Army Letters from an Officer's Wife, 1871-1888

Published: 1888
Language: English
Wordcount: 109,763 / 296 pg
Flesch-Kincaid Reading Ease: 73.4
LoC Categories: CT, F
Audiobook: librivox.org
Downloads: 2,998
mnybks.net#: 5980
Origin: gutenberg.org
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Perhaps it is not necessary to say that the events mentioned in the letters are not imaginary--perhaps the letters themselves tell that! They are truthful accounts of experiences that came into my own life with the Army in the far West, whether they be about Indians, desperadoes, or hunting--not one little thing has been stolen. They are of a life that has passed--as has passed the buffalo and the antelope--yes, and the log and adobe quarters for the Army. All flowery descriptions have been omitted, as it seemed that a simple, concise narration of events as they actually occurred, was more in keeping with the life, and that which came into it.

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t they all marched again, quickly and silently, just as they had come in. They instantly mounted their ponies, and all rode down the street and out of sight at race speed, some leaning so far over on their little beasts that one could hardly see the Indian at all. The pony that was ridden into the store door was without a bridle, and was guided by a long strip of buffalo skin which was fastened around his lower jaw by a slipknot. It is amazing to see how tractable the Indians can make their ponies with only that one rein.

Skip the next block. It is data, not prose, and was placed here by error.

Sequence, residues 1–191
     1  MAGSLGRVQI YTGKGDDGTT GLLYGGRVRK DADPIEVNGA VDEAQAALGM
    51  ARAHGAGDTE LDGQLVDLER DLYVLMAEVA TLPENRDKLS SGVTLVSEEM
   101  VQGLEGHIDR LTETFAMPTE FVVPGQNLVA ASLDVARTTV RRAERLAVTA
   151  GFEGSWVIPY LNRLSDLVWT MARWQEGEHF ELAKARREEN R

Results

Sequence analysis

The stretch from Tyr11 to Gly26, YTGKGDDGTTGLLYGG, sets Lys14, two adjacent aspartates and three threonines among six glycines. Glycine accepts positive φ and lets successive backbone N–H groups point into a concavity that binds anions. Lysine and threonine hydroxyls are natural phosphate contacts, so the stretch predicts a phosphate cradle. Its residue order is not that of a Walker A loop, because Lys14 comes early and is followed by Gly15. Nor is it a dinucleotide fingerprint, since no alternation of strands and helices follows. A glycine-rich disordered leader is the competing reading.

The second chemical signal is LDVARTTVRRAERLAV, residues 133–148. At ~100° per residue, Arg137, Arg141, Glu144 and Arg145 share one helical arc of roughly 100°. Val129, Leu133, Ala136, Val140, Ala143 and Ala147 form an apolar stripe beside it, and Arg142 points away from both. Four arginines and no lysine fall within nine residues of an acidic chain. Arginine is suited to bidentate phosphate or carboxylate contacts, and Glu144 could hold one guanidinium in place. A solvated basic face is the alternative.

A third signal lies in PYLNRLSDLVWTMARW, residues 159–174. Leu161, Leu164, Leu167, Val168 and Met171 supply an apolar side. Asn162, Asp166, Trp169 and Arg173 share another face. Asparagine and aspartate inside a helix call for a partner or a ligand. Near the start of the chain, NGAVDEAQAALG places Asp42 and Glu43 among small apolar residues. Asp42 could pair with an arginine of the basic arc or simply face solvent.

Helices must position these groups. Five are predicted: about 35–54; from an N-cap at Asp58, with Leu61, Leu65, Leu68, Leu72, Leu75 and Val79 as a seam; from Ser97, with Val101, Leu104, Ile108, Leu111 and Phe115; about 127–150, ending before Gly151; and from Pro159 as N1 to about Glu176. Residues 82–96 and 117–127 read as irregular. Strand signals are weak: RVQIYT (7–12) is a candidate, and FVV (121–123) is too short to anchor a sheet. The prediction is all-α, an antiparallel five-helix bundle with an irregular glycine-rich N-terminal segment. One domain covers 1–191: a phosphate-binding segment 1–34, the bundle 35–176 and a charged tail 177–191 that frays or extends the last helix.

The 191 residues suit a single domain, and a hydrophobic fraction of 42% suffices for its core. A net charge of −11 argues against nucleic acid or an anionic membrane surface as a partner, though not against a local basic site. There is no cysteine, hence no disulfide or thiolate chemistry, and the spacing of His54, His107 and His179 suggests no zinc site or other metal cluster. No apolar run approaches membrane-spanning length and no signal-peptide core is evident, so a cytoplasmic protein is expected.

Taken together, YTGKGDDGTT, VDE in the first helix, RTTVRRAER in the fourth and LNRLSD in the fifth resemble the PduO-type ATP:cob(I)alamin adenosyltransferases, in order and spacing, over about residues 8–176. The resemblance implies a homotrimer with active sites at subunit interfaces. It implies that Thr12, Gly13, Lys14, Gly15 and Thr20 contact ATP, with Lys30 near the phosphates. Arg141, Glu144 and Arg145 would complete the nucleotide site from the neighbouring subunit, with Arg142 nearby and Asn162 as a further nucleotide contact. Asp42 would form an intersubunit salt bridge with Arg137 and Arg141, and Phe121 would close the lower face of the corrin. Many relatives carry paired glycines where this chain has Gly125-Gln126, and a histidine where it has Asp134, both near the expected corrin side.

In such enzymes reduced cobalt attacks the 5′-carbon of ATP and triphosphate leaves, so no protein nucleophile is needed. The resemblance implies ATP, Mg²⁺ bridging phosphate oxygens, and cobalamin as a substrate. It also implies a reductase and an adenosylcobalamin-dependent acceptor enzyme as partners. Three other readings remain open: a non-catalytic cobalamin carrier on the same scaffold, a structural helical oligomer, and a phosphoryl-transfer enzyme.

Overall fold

The storekeeper told us that those Indians were Utes, and were greatly excited because they had just heard there was a small party of Cheyennes down the river two or three miles. The Utes and Cheyennes are bitter enemies. He said that the Utes were very cross--ready for the blood of Indian or white man--therefore he had permitted them to do about as they pleased while in the store, particularly as we were there, and he saw that we were frightened. That young man did not know that his own

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Average Rating of 5 from 1 reviews: *****

One of the most compelling naratives describing the lives of the army men and their familes who were sent out to tame the old west in the 19th century. In this distinct genre of the literature of the American West, Roe's work stands out as one of the best. Thought of as a 'woman's book', this work probably has never gained the attention it deserves. Literate, descriptive and compelling, I honestly could not stop reading. Enjoy!


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